Yeah that was my thought when i saw them, i will make sure to watch him eating the ones i have left, then switch to medium size until hes fully grown.

Dubia is also an option, but wont they sneak in and hide in the cork bark background?
 

CamoChameleonsHuman

Chameleon Enthusiast
Yeah that was my thought when i saw them, i will make sure to watch him eating the ones i have left, then switch to medium size until hes fully grown.

Dubia is also an option, but wont they sneak in and hide in the cork bark background?
Try cup feeding. Or hand feeding.
 

Beman

Chameleon Enthusiast
I just got my 4 month old Male Veil to eat from my hand for the first time today! I had my wife record in super slow mo on her new Galaxy S10 too! Man I was so excited! Mainly because he's a grump who doesn't like to be handled. But he will be ok with me in his enclosure doing whatever.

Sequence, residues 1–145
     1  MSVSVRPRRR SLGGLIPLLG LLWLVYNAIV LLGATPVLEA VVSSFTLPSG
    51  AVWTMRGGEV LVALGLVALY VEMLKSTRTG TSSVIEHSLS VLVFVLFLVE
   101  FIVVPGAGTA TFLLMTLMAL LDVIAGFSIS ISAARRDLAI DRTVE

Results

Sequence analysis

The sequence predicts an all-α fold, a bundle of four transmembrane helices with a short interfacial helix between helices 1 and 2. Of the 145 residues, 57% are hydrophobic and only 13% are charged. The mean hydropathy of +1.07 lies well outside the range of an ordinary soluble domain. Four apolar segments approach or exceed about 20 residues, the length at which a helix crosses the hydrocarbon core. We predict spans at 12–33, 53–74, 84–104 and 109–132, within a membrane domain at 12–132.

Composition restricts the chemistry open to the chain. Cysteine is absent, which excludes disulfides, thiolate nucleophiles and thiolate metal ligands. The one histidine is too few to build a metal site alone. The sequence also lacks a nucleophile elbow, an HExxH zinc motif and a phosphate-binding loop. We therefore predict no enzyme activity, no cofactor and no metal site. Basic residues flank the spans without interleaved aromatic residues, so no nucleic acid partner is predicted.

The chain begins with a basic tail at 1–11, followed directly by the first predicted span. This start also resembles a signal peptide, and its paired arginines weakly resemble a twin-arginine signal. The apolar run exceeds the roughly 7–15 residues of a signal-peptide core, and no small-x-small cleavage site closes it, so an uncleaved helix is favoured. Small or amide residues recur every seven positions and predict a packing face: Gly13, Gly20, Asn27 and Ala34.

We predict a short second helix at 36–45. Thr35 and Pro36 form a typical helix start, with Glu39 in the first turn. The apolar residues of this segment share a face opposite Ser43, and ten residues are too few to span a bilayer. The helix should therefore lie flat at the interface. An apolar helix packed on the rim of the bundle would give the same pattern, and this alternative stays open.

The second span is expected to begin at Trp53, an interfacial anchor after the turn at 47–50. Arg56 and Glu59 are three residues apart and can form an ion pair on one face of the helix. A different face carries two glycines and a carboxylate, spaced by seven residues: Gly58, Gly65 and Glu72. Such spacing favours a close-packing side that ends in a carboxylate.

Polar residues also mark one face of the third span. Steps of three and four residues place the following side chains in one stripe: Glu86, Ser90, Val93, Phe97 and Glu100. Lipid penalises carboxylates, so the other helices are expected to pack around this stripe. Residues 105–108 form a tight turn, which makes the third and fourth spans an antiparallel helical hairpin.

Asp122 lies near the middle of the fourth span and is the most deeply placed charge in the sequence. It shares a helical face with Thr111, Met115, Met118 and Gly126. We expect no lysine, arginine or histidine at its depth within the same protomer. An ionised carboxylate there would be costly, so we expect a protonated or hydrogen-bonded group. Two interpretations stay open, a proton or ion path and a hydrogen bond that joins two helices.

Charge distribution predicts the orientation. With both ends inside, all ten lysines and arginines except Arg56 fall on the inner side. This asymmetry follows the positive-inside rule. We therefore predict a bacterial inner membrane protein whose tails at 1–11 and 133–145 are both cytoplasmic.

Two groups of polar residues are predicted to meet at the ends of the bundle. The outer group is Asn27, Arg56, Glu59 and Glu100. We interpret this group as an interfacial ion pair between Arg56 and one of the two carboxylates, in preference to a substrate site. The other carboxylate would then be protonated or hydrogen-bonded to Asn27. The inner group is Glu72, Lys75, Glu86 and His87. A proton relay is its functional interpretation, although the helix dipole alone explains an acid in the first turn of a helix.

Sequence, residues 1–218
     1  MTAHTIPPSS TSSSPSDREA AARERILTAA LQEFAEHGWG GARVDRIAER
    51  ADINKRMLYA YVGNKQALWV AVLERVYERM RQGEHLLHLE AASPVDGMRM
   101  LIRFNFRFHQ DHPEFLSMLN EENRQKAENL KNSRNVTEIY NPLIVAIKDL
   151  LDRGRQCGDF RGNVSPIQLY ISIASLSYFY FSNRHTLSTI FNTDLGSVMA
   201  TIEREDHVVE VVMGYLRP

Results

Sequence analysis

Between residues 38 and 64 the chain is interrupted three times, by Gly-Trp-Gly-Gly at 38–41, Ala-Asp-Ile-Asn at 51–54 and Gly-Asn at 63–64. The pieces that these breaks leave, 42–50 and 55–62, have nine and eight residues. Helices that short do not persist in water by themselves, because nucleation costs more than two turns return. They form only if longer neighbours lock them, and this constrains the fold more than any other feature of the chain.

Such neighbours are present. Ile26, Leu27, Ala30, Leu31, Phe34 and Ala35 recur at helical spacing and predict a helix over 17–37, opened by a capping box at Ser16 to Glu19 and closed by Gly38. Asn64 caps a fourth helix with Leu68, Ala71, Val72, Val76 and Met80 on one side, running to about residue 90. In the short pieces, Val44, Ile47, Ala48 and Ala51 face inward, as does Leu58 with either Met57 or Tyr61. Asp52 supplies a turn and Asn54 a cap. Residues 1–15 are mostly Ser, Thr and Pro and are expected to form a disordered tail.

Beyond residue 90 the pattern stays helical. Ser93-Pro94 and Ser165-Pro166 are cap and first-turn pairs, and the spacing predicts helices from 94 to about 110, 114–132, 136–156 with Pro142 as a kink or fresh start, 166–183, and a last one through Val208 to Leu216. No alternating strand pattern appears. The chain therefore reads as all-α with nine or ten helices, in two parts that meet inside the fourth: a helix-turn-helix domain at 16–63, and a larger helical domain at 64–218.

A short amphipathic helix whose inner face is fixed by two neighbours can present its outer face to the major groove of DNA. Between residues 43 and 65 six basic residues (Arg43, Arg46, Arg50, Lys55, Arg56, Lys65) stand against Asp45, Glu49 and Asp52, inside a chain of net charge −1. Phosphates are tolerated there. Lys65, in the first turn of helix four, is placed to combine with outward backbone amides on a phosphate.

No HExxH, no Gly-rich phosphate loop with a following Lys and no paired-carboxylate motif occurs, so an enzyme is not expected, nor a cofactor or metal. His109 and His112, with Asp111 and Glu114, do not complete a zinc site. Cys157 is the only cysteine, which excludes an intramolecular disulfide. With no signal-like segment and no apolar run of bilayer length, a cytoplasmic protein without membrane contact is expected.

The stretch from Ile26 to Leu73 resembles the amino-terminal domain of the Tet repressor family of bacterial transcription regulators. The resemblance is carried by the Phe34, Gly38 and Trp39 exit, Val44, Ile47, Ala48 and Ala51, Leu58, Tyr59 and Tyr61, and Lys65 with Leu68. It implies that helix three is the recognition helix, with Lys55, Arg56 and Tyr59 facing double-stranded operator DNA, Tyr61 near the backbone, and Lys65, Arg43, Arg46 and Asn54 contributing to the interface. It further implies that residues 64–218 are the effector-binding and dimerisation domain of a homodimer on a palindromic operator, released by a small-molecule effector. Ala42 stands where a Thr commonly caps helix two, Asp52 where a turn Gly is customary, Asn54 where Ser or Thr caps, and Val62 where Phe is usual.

Congrats on this one!
 

Beman

Chameleon Enthusiast
I cup feed and hand feed. My guy won't touch a cricket or dubia unless it is sitting next to something else he goes to eat. I think it is great you found something he likes. They do look a bit big though.
 

Peeps101

Established Member
So since i first got my panther chameleon i've been giving him a diet consisting of crickets and occasionally some superworms/silkworms.

While i think they are a good source of food, i've been having some problems with them. I keep my terrarium in my bedroom and the chirping noise they make is bothering my sleep.. they are also very keen on escaping my exo terra terrarium so i tend to find them roaming the floor almost daily..
Along with that my enclosure has alot of hiding places where they sneak in and stay out of reach for my poor cham..

So on my last visit to the pet store i consulted the staff and they suggested i tried feeding him with locusts instead to see how he liked it.
Said and done i bought a box of Large sized locusts, which by the way were huge! Didnt know they could even grow to this size so i was kind of nervous feeding them to my chameleon who is not yet an adult